Top API security risks and how to fix them
As the Open Web Application Security Project (OWASP) – a not-for-profit foundation that focuses its efforts on improving software security – notes, the application programming interface (or API) has become the foundation for today’s ‘app-driven world’. “From banks, retail, and transportation to IoT, autonomous vehicles, and smart cities, APIs are a critical part of modern mobile, SaaS, and web applications and can be found in customer-facing, partner-facing, and internal applications,” writes the team. Widely deployed, APIs are part of the attack surface targeted by malicious actors, which is why it’s important for developers to understand the top API security risks and know how to fix them.
Whether you are building APIs using the SOAP protocol or implementing RESTful architecture, OWASP provides a useful 10-point checklist of the common pitfalls that developers face. And, importantly, the guide offers suggestions on how firms can address top API security risks. Top of the API vulnerability list is Broken Object Level Authorization.
Broken Object Level Authorization
Object level authorization is the mechanism deployed behind the scenes, which makes sure that API users only have access to objects, or data, that they are authorized to see. If the object ID received by the API endpoint is predictable and unchecked, then bad actors can simply change its value in the URL request to discover information that should otherwise be protected. To secure the API endpoint and shut down one of the top API security risks, OWASP recommends that global unique identifiers (GUIDs) should be random. And values need to be validated so that users can only perform actions on objects that they have genuine access to.
Broken User Authentication
Closely related to Broken Object Level Authorization is Broken User Authentication, where vulnerabilities in the API’s user authentication mechanism give attackers access to user accounts on the system. Developers can quickly identify whether their setup is susceptible to one of the top API security risks by asking the following questions:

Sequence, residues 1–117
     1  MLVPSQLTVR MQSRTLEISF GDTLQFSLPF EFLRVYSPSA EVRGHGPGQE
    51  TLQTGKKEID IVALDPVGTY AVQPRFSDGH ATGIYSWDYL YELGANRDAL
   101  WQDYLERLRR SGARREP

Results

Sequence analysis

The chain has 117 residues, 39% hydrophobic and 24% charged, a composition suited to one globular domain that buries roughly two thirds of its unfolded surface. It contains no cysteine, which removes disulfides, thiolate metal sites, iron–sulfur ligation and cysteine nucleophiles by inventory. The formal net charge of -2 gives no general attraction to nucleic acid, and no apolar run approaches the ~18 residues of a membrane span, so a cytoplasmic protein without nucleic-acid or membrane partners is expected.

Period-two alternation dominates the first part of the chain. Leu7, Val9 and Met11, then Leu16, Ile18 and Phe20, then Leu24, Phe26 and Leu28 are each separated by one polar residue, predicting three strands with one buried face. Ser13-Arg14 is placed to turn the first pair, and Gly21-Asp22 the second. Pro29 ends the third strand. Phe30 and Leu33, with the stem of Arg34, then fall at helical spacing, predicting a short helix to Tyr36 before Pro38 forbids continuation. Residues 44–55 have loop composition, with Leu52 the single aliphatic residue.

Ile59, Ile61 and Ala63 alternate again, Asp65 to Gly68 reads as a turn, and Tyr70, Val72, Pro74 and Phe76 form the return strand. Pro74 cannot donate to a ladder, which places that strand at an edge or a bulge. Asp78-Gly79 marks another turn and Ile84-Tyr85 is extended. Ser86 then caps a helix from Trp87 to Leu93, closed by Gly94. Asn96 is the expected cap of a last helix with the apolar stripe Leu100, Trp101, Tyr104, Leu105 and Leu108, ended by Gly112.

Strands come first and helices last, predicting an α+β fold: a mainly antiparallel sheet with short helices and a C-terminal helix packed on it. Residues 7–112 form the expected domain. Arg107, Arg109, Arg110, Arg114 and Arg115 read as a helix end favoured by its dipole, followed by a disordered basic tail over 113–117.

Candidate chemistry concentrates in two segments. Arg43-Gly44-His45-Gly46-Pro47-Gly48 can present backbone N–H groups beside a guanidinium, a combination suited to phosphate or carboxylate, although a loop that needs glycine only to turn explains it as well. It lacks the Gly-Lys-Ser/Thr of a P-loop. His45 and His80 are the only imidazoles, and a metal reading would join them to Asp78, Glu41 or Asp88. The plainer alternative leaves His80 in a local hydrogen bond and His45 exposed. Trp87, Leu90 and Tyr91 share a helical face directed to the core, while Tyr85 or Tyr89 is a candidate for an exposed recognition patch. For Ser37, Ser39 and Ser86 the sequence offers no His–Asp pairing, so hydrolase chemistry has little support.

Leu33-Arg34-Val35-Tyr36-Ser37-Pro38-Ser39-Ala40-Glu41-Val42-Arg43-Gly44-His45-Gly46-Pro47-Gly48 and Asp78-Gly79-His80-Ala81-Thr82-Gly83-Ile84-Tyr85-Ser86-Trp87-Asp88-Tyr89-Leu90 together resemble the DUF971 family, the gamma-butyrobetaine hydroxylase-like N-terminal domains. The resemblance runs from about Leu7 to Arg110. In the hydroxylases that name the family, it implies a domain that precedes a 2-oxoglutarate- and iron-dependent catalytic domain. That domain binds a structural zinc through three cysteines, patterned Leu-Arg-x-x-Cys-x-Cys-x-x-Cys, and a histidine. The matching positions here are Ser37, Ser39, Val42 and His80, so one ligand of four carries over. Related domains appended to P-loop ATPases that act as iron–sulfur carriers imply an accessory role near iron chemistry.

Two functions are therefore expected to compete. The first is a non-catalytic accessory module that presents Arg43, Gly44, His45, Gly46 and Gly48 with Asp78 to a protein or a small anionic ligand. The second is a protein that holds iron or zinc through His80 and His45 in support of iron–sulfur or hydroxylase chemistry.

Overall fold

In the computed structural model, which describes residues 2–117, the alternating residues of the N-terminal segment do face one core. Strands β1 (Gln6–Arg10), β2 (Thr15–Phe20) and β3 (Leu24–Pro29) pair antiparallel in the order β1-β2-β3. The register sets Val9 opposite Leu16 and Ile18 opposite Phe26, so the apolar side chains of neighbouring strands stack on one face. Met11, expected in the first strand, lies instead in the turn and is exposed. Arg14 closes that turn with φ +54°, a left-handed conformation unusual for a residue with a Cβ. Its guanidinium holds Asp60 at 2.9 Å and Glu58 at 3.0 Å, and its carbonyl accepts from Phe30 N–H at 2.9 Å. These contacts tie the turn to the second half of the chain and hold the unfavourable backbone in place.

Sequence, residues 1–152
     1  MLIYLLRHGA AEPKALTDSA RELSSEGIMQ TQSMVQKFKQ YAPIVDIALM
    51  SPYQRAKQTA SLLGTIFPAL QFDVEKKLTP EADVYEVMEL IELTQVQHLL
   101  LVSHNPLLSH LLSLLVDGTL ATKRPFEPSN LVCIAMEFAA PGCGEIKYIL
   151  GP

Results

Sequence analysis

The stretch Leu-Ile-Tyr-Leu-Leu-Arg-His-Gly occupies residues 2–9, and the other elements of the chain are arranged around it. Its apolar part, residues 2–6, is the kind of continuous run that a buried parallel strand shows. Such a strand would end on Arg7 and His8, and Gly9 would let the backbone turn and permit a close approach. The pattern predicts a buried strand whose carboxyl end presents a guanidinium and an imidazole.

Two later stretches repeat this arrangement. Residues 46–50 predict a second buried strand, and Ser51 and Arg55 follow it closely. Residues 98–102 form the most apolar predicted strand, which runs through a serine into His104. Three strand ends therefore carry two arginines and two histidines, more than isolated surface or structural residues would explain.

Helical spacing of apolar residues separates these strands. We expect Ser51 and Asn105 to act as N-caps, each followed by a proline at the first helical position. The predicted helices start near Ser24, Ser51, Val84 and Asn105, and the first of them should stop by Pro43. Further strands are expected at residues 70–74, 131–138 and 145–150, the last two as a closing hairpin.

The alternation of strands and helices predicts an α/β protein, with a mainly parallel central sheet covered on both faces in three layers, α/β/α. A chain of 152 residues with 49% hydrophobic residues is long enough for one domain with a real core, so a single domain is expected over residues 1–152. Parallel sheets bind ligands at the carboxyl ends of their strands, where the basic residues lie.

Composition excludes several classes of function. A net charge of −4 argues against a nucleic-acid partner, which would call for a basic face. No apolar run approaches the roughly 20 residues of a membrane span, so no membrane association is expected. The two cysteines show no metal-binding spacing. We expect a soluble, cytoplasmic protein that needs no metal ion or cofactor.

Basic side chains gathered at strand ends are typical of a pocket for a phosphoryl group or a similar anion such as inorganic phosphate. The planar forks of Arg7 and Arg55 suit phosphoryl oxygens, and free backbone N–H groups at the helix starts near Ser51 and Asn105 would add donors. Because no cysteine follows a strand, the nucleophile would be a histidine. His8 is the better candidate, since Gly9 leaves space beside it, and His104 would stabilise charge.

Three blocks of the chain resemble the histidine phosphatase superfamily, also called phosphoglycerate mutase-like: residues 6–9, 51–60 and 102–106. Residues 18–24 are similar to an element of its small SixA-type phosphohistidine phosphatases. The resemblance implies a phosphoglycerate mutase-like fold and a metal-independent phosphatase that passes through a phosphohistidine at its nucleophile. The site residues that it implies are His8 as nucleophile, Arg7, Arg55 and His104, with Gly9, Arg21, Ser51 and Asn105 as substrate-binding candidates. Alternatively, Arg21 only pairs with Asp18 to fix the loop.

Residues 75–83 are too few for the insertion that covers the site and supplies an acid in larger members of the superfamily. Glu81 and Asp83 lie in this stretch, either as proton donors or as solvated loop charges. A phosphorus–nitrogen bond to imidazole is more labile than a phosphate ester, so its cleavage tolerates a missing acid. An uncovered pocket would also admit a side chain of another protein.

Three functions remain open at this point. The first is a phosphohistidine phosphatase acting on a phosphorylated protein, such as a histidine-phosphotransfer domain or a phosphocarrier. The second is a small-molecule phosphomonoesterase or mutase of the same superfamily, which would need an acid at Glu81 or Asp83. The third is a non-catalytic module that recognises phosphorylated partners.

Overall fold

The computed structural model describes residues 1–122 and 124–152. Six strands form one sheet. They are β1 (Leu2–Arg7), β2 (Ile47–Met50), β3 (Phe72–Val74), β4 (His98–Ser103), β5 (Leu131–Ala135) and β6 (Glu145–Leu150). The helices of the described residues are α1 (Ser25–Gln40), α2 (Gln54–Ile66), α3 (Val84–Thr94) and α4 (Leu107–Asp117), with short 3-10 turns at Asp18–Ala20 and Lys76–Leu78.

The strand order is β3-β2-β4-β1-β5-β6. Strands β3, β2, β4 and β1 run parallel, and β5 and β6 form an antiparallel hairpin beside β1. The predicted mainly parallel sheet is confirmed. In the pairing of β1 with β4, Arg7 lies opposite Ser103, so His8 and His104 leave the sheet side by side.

- Does the API allow bad actors to try multiple pairs of valid user ids and passwords – in other words, perform credential stuffing? A countermeasure to this would be to enable multi-factor authentication (MFA).
- Can attackers conduct a brute force attack – for example, by targeting a user account with hundreds of password combinations? Defenses here include limiting the number of password attempts or enabling captchas.
- Are strong password policies enforced, or can users specify easily-guessable words, phrases, or numerical sequences?
- Does the URL readily display sensitive authentication information such as passwords or authorization tokens? And are passwords exposed in plain text? Also, are authorization tokens validated at the backend? Passwords should be hashed and communications strongly encrypted.
Excessive data exposure
The best practice here, to avoid another one of the top API security risks, is to make sure that all data is filtered on the server side. Clients should receive just the data that they are entitled to see and nothing more – even if it is hidden to the user. Any additional data included within API responses will inevitably be discovered at some point. If the developer is lucky, it’ll be found by a security researcher who’ll report it through a vulnerability disclosure mechanism (if the API operator has one). But the danger is that a malicious user will simply hoover up all of the excess sensitive information, which is not a good look, potentially adding to an already long list of data breaches worldwide.
Other common API security pitfalls
It’s important that API endpoints can put limits on the size and number of requests that can be sent by clients or users. Failure to do so exposes the API endpoint to denial of service (DOS) or distributed DOS (DDOS) attacks. The absence of any rate limiting or throttling mechanism also exposes the API endpoint’s authentication mechanism to brute force attacks, as touched on above.
Regular users shouldn’t be able to access administrative endpoints. Bad actors will attempt to guess API endpoint URL parameters based on any exposed hierarchy, such as roles or groups used by the application. To harden systems, it’s important that API endpoints are thoroughly reviewed to identify any potential function level authorization flaws.
Properties that can be assigned by clients should be allow listed – for example, to prevent bad actors from setting their credit to ‘999999’. Also the entire API stack should be screened for possible security misconfiguration. Only HTTP verbs that are required by the API endpoint should be allowed. Any unrelated HTTP verbs should be disabled to reduce the attack surface and mitigate top API security risks.
Other common API security vulnerabilities to be watchful of include injection flaws. Malicious users could attempt to fool the interpreter into sending restricted data or executing unauthorized actions by including untrusted data within a command or query. Attention also needs to be paid to asset management, as well as logging and monitoring (to make sure that any potential API tampering doesn’t go unnoticed).
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